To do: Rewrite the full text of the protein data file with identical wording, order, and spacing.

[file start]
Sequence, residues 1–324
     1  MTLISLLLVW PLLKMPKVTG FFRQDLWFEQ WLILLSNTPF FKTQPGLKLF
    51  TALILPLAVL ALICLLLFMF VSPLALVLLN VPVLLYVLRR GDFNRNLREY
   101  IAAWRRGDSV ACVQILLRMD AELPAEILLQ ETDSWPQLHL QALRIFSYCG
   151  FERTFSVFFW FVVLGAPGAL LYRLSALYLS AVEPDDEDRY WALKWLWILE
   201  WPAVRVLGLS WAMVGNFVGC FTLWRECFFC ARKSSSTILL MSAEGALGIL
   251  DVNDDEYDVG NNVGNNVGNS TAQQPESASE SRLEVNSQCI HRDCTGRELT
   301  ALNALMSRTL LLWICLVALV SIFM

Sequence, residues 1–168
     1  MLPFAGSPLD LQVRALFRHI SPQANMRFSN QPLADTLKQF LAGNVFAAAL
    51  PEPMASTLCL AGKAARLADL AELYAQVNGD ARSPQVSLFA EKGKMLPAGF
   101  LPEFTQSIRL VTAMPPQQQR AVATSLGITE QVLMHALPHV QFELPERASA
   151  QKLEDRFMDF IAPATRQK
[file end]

Sequence, residues 1–324
     1  MTLISLLLVW PLLKMPKVTG FFRQDLWFEQ WLILLSNTPF FKTQPGLKLF
    51  TALILPLAVL ALICLLLFMF VSPLALVLLN VPVLLYVLRR GDFNRNLREY
   101  IAAWRRGDSV ACVQILLRMD AELPAEILLQ ETDSWPQLHL QALRIFSYCG
   151  FERTFSVFFW FVVLGAPGAL LYRLSALYLS AVEPDDEDRY WALKWLWILE
   201  WPAVRVLGLS WAMVGNFVGC FTLWRECFFC ARKSSSTILL MSAEGALGIL
   251  DVNDDEYDVG NNVGNNVGNS TAQQPESASE SRLEVNSQCI HRDCTGRELT
   301  ALNALMSRTL LLWICLVALV SIFM

Sequence, residues 1–168
     1  MLPFAGSPLD LQVRALFRHI SPQANMRFSN QPLADTLKQF LAGNVFAAAL
    51  PEPMASTLCL AGKAARLADL AELYAQVNGD ARSPQVSLFA EKGKMLPAGF
   101  LPEFTQSIRL VTAMPPQQQR AVATSLGITE QVLMHALPHV QFELPERASA
   151  QKLEDRFMDF IAPATRQK